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Cramer: Man of "Steele" Watching Over Wachovia

America lost an important civil servant -- a hero of the masses -- when Bob Steele gave up his post of Treasury Undersecretary to take over the reins of the troubled Wachovia Bank . Cramer worked with him at Goldman Sachsand praises him simply a "brilliant man," not a compliment Cramer gives often -- with the exception of certain dead classical composers. Steele is a "visionary and a hard worker," someone who "gets" that the banking system is in dire straits.

While Cramer hoped he would stay at his government post to continue helping from behind the scenes (he was in integral player in the Bear Stearns- JPMorgandeal, "an important save" for the banking world), perhaps if he saves Wachovia, he'll be accomplishing the same thing through different means.

Bob Steele is familiar with many streets, not just Wall Street. He's familiar with Granite Street. Are you? Back in 1988, the storied Mellon Bank hit a wall due to bad real estate loans (sound familiar?). The bank was saved from the brink when it innovatively split into two entities: "Good Bank" and "Bad Bank." Good Bank continued using the Mellon Name while Bad Bank got spun off as Granite Street, a new company created to be Mellon's landfill of bad loans.



Then, Granite Street was sold off on a "non-recourse" basis -- meaning it wasn't responsible for any bad loans involved with it. So Mellon managed to raise capital to keep itself afloat. People who believed the mortgages "weren't all bad" were given chances to buy shares in Bad Bank, a.k.a Granite Street.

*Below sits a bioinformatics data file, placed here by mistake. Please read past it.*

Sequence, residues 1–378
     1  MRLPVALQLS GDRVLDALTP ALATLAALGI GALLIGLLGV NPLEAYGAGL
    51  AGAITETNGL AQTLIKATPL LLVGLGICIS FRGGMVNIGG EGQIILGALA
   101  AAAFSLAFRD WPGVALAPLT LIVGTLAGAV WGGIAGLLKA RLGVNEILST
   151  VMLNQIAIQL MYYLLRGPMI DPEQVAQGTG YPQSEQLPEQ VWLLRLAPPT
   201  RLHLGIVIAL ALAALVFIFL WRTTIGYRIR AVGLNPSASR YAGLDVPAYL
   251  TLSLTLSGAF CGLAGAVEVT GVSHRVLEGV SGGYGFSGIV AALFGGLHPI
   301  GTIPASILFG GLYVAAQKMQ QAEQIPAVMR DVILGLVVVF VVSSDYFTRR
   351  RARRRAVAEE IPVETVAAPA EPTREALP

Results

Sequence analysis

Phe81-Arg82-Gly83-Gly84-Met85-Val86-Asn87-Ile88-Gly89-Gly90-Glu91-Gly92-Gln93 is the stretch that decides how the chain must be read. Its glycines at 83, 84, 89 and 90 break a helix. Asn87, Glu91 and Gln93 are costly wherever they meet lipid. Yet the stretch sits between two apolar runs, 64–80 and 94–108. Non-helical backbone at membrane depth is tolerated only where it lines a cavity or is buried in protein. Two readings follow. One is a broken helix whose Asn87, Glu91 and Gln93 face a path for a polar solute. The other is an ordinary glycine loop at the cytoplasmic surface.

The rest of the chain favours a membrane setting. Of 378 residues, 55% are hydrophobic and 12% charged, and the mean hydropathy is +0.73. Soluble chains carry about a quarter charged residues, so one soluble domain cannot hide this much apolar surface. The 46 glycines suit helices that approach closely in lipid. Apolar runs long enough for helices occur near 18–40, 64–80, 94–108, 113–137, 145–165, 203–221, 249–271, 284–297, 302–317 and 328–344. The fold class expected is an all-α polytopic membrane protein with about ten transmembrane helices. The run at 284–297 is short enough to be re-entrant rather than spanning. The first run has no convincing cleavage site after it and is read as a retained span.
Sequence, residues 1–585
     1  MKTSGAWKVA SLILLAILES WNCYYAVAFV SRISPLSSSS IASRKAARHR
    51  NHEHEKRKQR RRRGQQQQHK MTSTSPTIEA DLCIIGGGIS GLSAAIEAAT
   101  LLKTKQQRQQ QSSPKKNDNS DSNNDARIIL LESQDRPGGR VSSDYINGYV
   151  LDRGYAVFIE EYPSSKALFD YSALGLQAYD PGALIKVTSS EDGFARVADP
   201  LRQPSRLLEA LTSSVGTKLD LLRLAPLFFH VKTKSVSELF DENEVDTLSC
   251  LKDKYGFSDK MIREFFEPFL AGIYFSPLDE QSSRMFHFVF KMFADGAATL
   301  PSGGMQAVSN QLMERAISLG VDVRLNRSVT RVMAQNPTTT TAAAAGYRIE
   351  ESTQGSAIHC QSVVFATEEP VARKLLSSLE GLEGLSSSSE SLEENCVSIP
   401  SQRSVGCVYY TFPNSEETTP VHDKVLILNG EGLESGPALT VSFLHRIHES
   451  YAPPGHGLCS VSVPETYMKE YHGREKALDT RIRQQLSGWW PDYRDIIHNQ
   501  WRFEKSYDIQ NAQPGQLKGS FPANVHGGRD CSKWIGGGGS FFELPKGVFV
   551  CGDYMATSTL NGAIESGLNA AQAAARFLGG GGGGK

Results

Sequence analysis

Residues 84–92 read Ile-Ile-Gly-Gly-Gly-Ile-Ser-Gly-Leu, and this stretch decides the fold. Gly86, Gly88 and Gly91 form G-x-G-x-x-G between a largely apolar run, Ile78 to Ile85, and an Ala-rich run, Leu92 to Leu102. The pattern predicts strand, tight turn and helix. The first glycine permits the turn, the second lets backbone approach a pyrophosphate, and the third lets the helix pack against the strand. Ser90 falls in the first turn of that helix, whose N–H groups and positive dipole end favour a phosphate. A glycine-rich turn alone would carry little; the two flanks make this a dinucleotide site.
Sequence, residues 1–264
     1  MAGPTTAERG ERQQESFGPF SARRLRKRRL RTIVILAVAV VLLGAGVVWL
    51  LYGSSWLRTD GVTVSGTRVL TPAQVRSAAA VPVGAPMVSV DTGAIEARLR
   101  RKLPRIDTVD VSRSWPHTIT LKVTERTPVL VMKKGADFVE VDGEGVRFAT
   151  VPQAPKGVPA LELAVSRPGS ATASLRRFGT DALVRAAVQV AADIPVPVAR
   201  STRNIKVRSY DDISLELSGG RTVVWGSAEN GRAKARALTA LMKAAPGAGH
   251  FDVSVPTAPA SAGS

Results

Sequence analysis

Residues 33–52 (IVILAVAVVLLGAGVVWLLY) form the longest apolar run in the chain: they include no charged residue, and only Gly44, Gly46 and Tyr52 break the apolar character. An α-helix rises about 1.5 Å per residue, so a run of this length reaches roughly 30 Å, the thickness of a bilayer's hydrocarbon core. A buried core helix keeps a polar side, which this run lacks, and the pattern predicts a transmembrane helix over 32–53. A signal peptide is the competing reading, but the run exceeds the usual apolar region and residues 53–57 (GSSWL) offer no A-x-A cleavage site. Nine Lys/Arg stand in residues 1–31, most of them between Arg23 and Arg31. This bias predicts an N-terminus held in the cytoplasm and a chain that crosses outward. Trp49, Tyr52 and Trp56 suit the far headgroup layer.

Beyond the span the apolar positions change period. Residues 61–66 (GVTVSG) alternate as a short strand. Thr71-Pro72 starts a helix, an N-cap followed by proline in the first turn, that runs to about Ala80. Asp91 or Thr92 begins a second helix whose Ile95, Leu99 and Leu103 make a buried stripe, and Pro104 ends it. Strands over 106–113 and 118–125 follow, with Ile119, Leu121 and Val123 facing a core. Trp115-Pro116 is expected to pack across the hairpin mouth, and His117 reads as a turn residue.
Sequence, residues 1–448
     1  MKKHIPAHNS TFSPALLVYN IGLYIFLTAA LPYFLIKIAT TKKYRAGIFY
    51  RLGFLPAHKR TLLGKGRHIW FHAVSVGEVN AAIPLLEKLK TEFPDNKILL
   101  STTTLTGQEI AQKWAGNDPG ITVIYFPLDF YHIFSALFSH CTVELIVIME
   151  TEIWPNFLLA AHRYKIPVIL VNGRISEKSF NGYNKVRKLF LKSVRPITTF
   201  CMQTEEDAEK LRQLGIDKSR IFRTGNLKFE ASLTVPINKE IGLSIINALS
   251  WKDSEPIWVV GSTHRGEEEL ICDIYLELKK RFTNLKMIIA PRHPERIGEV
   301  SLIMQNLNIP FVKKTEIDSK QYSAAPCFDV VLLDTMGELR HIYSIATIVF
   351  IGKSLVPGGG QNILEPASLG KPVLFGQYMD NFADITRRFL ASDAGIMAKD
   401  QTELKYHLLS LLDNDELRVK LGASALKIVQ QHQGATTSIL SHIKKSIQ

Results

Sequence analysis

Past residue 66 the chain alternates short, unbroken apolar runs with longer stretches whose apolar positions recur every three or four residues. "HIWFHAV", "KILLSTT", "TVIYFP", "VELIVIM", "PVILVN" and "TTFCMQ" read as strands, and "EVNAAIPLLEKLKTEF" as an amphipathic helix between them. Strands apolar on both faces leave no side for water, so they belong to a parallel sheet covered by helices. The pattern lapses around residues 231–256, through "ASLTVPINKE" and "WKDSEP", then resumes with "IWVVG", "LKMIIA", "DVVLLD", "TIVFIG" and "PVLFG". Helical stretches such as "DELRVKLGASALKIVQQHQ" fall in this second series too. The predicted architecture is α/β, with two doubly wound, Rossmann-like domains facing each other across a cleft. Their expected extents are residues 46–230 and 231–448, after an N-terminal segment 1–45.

Bob Steele knows his stuff, including the Granite Street "strategy," and he knows that a deal would require approval from several agencies, including the Federal Reserve, FDIC and bank examiners. It takes special talent to spin off and sell a "Bad Bank." Cramer believes Bob has the talent to put that strategy in motion at Wachovia -- and to sell Wachovia's Bad Bank to the public.

A save like that would keep Wachovia alive -- perhaps even prosper. It would take time, but if it's a success, it could serve as a model for other banks to follow the same path. It's a far-reaching plan, and we're lucky to "have the one man who has enough credibility and the contacts to pull it off."


Questions for Cramer? madmoney@cnbc.comQuestions, comments, suggestions for the Mad Money website? madcap@cnbc.com

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